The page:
Wednesday, September 27, 2017

Hotel (1967)

Hotel (1967)


"I'm an old-fashioned innkeeper. I take care of my employees and they take care of my guests. That's the way I want it to be. I don't want it to change." - Melvyn Douglas as Warren Trent

Hotel (1967) follows the story of the fictitious New Orleans hotel the St. Gregory. Pete McDermott (Rod Taylor) is at the heart of the business. As the hotel manager he oversees all staff, attends to any urgent needs of the hotel guests and conducts business with the owner Warren Trent (Melvyn Douglas). Although the St. Gregory is the destination for many illustrious guests, it's in serious financial trouble. Pete convinces Mr. Trent to entertain an offer by wealthy hotelier Curtis O'Keefe (Kevin McCarthy). However, O'Keefe threatens to transform the place into a cold moneymaker rather than an inviting hotel with hospitality as it's main focus. O'Keefe brings with him his girl of the moment, a young Parisian beauty Jeanne Rochefort (Catherine Spaak). Jeanne is tired of O'Keefe and soon falls for the charming hotel manager. O'Keefe uses Jeanne and his co-horts to try to seal the deal for the hotel while Pete and Mr. Trent quickly try to find another buyer.

Rod Taylor as Pete McDermott in Hotel (1967)
Rod Taylor as Pete McDermott

Melvyn Douglas as Warren Trent in Hotel (1967)
Melvyn Douglas as Warren Trent in Hotel (1967)

Kevin McCarthy as Curtis O'Keefe in Hotel (1967)
Kevin McCarthy as Curtis O'Keefe

Catherine Spaak as Jeanne Rochefort
Catherine Spaak as Jeanne Rochefort

Then there are the hotel guests who prove to be an interesting bunch of characters, each with their own agenda. Merle Oberon plays Duchess Caroline whose husband Duke Geoffrey (Michael Rennie) killed a child in a drunken hit-and-run accident. The Duchess tries to cover it up but the hotel detective Dupere (Richard Conte) is on to them and tries to extort them. Then there is Karl Malden as Keycase Milne, the resident hotel thief with an impressive collection of room keys. He has his eye on the Duke and Duchess's room and the possible treasures inside. When a black couple book a stay at the hotel and Pete is not around, the hotel turns them away causing a scandal that's splashed across the newspapers. A business deal gone sour, an extortion, theft, a civil rights dilemma, a forbidden romance and an elevator on the fritz, everything comes to a crashing climax. The ending is one that I didn't expect but one that left me immensely satisfied and feeling good about the story's overall message: stay true to yourself.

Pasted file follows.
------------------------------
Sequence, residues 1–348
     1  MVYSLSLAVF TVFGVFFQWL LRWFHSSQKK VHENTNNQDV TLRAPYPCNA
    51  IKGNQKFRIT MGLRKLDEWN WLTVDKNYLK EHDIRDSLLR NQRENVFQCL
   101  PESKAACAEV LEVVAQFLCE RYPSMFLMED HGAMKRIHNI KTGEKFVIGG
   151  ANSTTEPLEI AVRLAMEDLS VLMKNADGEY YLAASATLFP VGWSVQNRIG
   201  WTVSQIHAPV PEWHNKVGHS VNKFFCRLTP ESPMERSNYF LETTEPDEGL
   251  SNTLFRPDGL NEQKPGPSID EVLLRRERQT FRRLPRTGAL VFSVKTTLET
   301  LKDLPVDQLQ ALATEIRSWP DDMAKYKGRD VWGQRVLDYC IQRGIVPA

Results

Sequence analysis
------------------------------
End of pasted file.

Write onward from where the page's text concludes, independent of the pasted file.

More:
Michael Rennie and Merle Oberon as the Duke and Duchess
Michael Rennie and Merle Oberon as the Duke and Duchess

Karl Malden as Keycase Milne
Richard Conte as Detective Dupere in Hotel (1967)
Richard Conte as Detective Dupere

Hotel (1967) is a gratifying film to watch on a rainy day. If you don't have any high expectations you'll be pleasantly surprised. It has it's flaws. It's terribly old-fashioned but that's what I liked about it. Taylor and Spaak lacked chemistry and Spaak quite one note to me. Another actresses would have livened up the film. I found everyone to be delightful to watch including Taylor, Melvyn Douglas, Karl Malden, Richard Conte and even Merle Oberon who I don't particularly care for. Jazz singer Carmen MacRae has a small role as the hotel lounge singer. Clinton Sundberg, a regular in 1940s collegiate movies, plays hotelier O'Keefe's personal assistant.

One could see Hotel (1967) as the 1960s answer to Grand Hotel (1932). The film was directed by Richard Quine, someone I have a keen interest in. Some exteriors and interiors were shot in New Orleans most notably in the French Quarter and in the New Orleans International Airport. Everything else was shot on the Warner Bros. lot in Burbank, California. Gowns were designed by Edith Head and Merle Oberon wore her own jewelry including a piece that once belonged to Marie Antoinette. The story was based on the best-selling novel by Canadian writer Arthur Hailey. He's also known for his novel Airport which was adapted in 1970 and spawned a series and a spoof. Hotel became a TV series in the 1980s starring Anne Baxter and James Brolin.

I enjoyed Hotel (1967) for it's motley cast of characters, interesting plot lines and for that glorious ending. It also serves as a time capsule of the goings on of a 1960s era hotel. The movie makes me long for a time when morals and personal truths trump greed. I'm drawn to movies about workplaces and this one did not disappoint.




Hotel (1967) is available on DVD-MOD from the Warner Archive Collection. You can purchase the DVD from the WB Shop.

Warner Archive Wednesday - On (random) Wednesdays, I review one title from the Warner Archive Collection. Thank you to Warner Archive for sending me a copy of Hotel (1967) to review!

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